Lord Dunlop suggested that the key question for the new government is what ‘taking back control’ means in constitutional terms. The years since the Scottish Independence referendum in 2014 have been incredibly rich for those interested in the constitution. We have seen a deadlocked parliament, an arguably ‘activist’ judiciary, and fracturing Union, whilst foundational concepts like parliamentary sovereignty, the separation of powers, and the rule of law have come under scrutiny. It would be wrong, however, to see the government’s manifesto commitments as simply a direct response to the political and constitutional crisis of last autumn. Brexit placed a number of areas of the constitution under strain, but for Dunlop, it is the long-term context that is key to explaining the proposals in the manifesto. In his opinion, the proposals are not about ‘settling scores’.

For a number of years, EU membership, the devolution settlements and the HRA have all to varying extents limited parliament’s law-making powers. For example, Lord Neuberger, former President of the Supreme Court, has pointed out the profound changes that the HRA has brought to the role of judges in relation to interpretation of statute law, and retired Supreme Court Justice Lord Sumption’s recent Reith Lectures have contributed to a long-running debate about the proper role of judges in a democracy. In Lord Dunlop’s view, the proposals on page 48 of the manifesto reflect the fact that Brexit has put additional pressure on an already strained constitution, and should therefore prompt us to consider whether the constitution is operating as it should.  Continue reading

Why the new Speaker may not always be able to play a straight bat

NGQojaZG_400x400 (1)On 4 November, the House of Commons elected Lindsay Hoyle to serve as Speaker, following the resignation of John Bercow. It has been treated as accepted wisdom that a different approach to the Speakership is called for. However, Bercow has taken decisions about the Commons’ handling of Brexit in circumstances where several – or all – of the available choices were potentially controversial. Jack Simson Caird argues that his successor might therefore find that trying to ‘play a straight bat’ is not as easy or appropriate as it might appear.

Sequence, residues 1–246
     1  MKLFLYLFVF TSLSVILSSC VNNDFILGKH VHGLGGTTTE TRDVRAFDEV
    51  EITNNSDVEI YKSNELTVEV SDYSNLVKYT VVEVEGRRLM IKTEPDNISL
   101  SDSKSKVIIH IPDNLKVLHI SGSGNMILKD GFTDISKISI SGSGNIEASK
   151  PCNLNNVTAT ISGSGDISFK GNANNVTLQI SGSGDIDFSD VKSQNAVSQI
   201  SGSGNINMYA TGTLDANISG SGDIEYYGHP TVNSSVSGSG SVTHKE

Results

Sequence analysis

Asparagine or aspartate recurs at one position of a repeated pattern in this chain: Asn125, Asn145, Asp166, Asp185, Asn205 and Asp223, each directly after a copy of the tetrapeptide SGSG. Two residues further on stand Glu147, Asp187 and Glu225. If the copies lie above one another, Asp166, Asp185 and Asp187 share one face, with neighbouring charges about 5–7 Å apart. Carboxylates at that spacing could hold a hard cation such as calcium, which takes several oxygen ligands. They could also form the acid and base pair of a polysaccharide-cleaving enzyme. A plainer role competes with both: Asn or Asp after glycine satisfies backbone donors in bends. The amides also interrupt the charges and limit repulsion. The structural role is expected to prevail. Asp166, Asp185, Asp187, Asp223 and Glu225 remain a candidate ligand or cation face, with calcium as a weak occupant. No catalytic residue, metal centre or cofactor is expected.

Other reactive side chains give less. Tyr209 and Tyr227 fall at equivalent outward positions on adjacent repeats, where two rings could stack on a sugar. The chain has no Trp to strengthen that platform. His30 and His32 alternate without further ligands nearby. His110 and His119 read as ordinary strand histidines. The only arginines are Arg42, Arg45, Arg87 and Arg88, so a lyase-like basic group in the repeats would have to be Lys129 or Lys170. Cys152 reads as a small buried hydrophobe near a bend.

Lindsay Hoyle is the new Speaker of the House of Commons. Hoyle, like many of his fellow candidates for the role, sought to emphasise that he would be very different from John Bercow. One of the main narratives around the election was that the Speaker should be, in the words of Chris Bryant, ‘an umpire and not a player’. All the candidates, including Hoyle, pledged to follow Bercow in standing up for backbenchers, but at the same time suggested that he had made procedural decisions in the 2017 parliament that were problematic. It is in that context that this post seeks to revisit some of the major decisions taken by Bercow during the last parliament. In the narrative established by the media and several of the candidates during the election for his successor, Bercow’s major Brexit decisions were portrayed as the product of his personality, and a desire to be the focal point of political debate. However, when the Speaker’s key decisions are examined in context, that narrative seems rather simplistic. If, after the general election, Lindsay Hoyle is faced with a minority government that is seeking to push through constitutional reforms in the face of opposition from large numbers of MPs, then he may find himself in the political spotlight. The analysis below suggests that in that context, balancing a commitment to be a champion of backbench MPs and the desire to play procedural decisions with a ‘straight bat’ may prove to be difficult in practice.  Continue reading

Parliament, spin and the accurate reporting of Brexit

lisa.james.resized.staff.webpage.jpg (1).pngmeg_russell_2000x2500.jpgParliament has been the site of many of the key Brexit battles, and political journalists play a vital role in reporting such developments and holding politicians to account. But unfamiliarity with the workings of parliament can leave them vulnerable to spin. Lisa James and Meg Russell argue that when it comes to key aspects of parliamentary procedure, the present climate of anonymous briefings and counter-briefings may make reporters’ traditional sources less trustworthy than usual. But there are other sources to which they can, and should, be turning.

Parliamentary reporting has rarely been more exciting or important. From the ‘meaningful votes’ on Theresa May’s Brexit deal to the first Saturday sitting since 1982, parliament has been the site of ever-more suspenseful Brexit episodes. These have been narrated and analysed by reporters in real time – and followed by record audiences.